The Sorcerer brings me to the subject of the fans. I have previously mentioned how G&S fans are very similar to science fiction fans. I am one of the tiny minority of people who have been to SF conventions and the G&S festival and I can tell you that there is very little difference between the core fan groups.
The demographic of the average G&S fan is, however, a little bit older and much more conservative with a tendency towards scandalised conversations at breakfast. The hardcore older fan knows what he or she likes and it isn’t change.
Last year there was a production of Ruddigore that transferred the action to a village cricket match. I have seen a few versions of Ruddigore and thought that this one was very innovative, funny and rather well done. You should, however, have heard the gasps of horror at the hotel the following morning. It had not been done the Traditional Way, the Right Way. All that had changed, however, was the set and some of the words both in the dialogue and some of the songs. I’m not sure how that is wrong, to be honest, as there is a well-established tradition of contemporising some of the songs. The Little List song in The Mikado, for instance, is always “adjusted” to pet hates of the day such as people talking too loudly on their phones or MP’s expenses fiascos.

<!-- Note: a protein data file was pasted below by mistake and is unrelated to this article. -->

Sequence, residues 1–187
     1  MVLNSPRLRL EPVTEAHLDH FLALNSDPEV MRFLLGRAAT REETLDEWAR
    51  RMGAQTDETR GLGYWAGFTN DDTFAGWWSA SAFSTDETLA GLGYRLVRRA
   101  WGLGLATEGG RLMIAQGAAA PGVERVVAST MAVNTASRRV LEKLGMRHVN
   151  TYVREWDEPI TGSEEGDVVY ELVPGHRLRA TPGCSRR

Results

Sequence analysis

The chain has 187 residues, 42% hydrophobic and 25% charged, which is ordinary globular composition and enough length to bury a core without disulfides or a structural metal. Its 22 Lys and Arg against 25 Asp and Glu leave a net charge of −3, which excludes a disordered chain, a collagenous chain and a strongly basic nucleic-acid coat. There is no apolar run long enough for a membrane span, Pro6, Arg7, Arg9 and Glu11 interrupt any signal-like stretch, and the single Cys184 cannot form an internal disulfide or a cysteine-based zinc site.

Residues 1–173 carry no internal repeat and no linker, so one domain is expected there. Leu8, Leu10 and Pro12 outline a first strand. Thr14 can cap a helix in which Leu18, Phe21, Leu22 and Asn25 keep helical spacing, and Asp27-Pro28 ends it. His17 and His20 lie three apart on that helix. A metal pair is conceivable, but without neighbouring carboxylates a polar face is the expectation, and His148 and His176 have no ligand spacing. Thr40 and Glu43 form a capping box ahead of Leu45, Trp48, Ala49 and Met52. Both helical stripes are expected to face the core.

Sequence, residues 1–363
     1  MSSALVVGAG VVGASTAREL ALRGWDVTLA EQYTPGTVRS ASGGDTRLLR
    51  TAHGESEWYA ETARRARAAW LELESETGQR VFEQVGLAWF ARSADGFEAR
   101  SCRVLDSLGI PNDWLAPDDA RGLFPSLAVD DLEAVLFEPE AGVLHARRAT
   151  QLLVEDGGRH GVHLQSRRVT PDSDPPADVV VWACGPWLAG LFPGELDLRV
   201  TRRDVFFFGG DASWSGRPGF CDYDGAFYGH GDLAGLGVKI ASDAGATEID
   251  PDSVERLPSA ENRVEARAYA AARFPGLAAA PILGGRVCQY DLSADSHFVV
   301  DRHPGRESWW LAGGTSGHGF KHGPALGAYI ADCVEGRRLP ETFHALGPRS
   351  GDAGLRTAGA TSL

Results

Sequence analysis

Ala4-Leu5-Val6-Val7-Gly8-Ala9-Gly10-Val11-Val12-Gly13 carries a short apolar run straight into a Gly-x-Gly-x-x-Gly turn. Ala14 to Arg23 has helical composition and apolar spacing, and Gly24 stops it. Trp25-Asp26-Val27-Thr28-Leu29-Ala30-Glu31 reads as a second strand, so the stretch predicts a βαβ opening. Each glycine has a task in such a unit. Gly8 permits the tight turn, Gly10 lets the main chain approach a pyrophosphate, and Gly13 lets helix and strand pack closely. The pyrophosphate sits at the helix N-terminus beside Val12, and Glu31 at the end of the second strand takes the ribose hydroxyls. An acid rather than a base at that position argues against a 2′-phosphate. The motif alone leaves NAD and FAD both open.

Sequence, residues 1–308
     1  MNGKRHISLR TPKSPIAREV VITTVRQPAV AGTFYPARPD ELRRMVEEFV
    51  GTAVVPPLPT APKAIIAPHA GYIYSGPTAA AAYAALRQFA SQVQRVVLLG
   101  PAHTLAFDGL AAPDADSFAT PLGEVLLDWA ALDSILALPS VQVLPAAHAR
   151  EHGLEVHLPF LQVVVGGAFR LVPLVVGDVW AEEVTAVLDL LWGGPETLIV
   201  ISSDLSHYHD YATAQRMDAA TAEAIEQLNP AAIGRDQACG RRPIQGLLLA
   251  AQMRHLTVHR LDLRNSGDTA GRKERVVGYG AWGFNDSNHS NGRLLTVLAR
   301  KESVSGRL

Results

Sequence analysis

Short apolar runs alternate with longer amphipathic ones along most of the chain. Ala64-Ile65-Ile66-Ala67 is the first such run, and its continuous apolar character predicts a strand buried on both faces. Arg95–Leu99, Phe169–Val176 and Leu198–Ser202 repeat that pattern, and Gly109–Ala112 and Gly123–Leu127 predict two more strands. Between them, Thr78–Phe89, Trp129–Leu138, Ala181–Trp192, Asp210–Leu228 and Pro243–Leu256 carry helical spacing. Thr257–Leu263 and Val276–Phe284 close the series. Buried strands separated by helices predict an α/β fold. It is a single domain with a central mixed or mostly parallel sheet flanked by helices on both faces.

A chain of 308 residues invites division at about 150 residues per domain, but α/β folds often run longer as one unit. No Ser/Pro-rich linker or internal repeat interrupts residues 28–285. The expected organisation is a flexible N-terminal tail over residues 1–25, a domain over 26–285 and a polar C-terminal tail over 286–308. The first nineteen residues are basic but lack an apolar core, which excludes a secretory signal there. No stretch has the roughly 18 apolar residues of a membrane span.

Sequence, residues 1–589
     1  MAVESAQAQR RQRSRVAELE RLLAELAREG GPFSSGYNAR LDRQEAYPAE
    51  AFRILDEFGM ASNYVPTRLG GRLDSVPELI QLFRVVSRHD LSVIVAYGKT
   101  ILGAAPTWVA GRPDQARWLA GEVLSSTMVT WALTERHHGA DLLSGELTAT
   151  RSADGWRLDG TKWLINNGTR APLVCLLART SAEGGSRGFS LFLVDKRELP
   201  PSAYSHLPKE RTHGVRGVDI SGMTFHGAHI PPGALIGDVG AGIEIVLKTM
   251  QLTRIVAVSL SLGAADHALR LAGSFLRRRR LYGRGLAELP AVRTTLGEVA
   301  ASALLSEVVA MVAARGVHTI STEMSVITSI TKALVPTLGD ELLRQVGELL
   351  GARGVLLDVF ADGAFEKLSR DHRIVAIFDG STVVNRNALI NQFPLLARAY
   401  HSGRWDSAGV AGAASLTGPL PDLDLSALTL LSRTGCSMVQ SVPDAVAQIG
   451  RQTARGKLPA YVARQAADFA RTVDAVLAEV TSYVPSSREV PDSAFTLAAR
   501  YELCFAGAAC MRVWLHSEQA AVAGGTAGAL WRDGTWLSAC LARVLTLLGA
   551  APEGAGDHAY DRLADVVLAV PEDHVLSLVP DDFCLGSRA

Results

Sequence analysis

This year’s Sorcerer provoked a similar reaction. It was set in the 1960s rather than the nineteenth century. The set, the costumes and some of the dialogue had changed to reflect the times but not very much. There were two other changes which I will have to explain after describing some of the normal plot.
The regular version of Sorcerer concerns the desire of a couple deeply in love to have their entire village share in their joy. To this end they enlist the help of a local sorcerer, John Wellington Wells, to provide them with a love philtre which they administer to the village in cups of tea. At this point the entire village falls asleep, the curtain falls and we shun the overpriced ice cream in the foyer.
Act two opens with the villagers waking and they fall in love with the first person they see who has also drunk some of the love potion. There are some very odd pairings but the experience is viewed by the young couple as a huge success – so much so that the young woman wants to take the potion at the same time as her young swain so that they can remain in love forever. He’s not so keen on that but she takes the potion anyway and falls in love with the vicar. The mess is eventually sorted out and people pair up with the ones they are “meant” to be with.